# Reciprocal lattice help needed.

1. May 15, 2010

### Michaelangelo

here is a question on reciprocal lattices that im stuck on

for a simple cubic lattice, the unit cell is defined by a1=a(1,0,0) a2 = a(0,1,0) a3 = a(0,0,1), demonstrate that the reciprocal lattice of its reciprocal lattice is the original crystal lattice.

From what ive found, i think the reciprocal lattice base vectors b1 b2 b3 of the primitive vectors of the crystal lattice a1 a2 a3 is defined by (π is pi btw)

b1=2π (a2xa3/a1.a2xa3), b2=2π (a3xa1/a1.a2xa3) , b3=2π(a1xa2/a1.a2xa3)

the volume V is defined by a1.a2xa3 so i have to figure that out, but if i were to do a2xa3, would it be:
i j k
0 1 0
0 0 1

= (1-0)i + (0-0)j + (0-0)k = so i take it this would equal a(1,0,0) which is a1?, so is a1.a2xa3 basically a1.a1 or am i horribly confused?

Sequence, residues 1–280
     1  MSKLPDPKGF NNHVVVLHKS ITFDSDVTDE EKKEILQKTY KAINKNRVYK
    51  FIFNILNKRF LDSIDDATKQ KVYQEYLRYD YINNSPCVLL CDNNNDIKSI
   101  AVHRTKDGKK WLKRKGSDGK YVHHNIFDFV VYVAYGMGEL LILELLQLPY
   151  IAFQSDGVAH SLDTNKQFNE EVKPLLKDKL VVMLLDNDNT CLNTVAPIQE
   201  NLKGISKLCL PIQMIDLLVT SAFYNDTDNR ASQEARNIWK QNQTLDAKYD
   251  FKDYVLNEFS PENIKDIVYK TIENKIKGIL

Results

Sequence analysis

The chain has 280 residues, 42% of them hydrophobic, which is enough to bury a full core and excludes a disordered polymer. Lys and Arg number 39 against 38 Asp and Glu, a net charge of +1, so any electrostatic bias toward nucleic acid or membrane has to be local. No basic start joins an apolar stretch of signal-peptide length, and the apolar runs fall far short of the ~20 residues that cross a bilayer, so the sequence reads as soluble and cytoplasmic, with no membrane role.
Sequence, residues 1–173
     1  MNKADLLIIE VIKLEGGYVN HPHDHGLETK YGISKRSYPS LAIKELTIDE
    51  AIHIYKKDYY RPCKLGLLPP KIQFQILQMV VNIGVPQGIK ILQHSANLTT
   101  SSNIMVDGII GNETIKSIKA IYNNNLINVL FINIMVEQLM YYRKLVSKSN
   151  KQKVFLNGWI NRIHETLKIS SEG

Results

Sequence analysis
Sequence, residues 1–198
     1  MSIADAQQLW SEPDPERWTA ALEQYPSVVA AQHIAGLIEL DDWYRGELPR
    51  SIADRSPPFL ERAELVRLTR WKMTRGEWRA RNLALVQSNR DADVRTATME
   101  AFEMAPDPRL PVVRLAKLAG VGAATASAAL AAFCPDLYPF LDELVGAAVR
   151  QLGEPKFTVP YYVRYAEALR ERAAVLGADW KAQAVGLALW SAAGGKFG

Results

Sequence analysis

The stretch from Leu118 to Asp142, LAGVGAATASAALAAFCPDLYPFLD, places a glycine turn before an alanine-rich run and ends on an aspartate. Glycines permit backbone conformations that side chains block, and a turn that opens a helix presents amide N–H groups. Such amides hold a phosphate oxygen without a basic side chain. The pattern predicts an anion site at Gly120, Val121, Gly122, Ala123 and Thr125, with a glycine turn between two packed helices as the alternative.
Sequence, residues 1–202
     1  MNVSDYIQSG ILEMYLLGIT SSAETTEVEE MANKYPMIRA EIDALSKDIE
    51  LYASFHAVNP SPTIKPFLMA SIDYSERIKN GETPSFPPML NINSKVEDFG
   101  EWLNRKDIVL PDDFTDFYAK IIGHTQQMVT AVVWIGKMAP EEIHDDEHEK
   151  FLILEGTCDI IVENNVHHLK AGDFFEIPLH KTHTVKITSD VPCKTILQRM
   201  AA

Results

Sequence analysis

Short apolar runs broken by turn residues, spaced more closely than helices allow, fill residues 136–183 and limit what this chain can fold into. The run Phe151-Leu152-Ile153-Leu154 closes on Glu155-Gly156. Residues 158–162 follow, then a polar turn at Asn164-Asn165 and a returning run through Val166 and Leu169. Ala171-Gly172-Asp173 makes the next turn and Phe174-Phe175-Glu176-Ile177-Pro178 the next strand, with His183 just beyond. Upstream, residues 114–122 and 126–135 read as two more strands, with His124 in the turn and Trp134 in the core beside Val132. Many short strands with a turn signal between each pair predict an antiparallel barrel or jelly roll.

it might be the latter but ill soldier on, if it is a1.a1 then does this not just give us the answer a(1,0,0)? or should i have got rid of the a at some point? or should i just be getting an integer? can someone please give me a gentle push in this question i really think i could do most of it myself im just a bit confused and stressed.

But from here im stuck, i took 2 years off my degree and ive found that my basic vector calculation skills have left me completely. Do i do the cross product first or the dot? any help appreciated.

2. May 16, 2010

### nickjer

Hmm... Towards the end you confused me with all the run on questions. The cross product of a2 and a3 is close. You forgot that each of those vectors have the magnitude "a". So the factor out front should be $a^2$ and not $a$.

Then taking the dot product with a1 gives you $a^3$. This makes sense since the volume of a cube with the side 'a' is just $a^3$.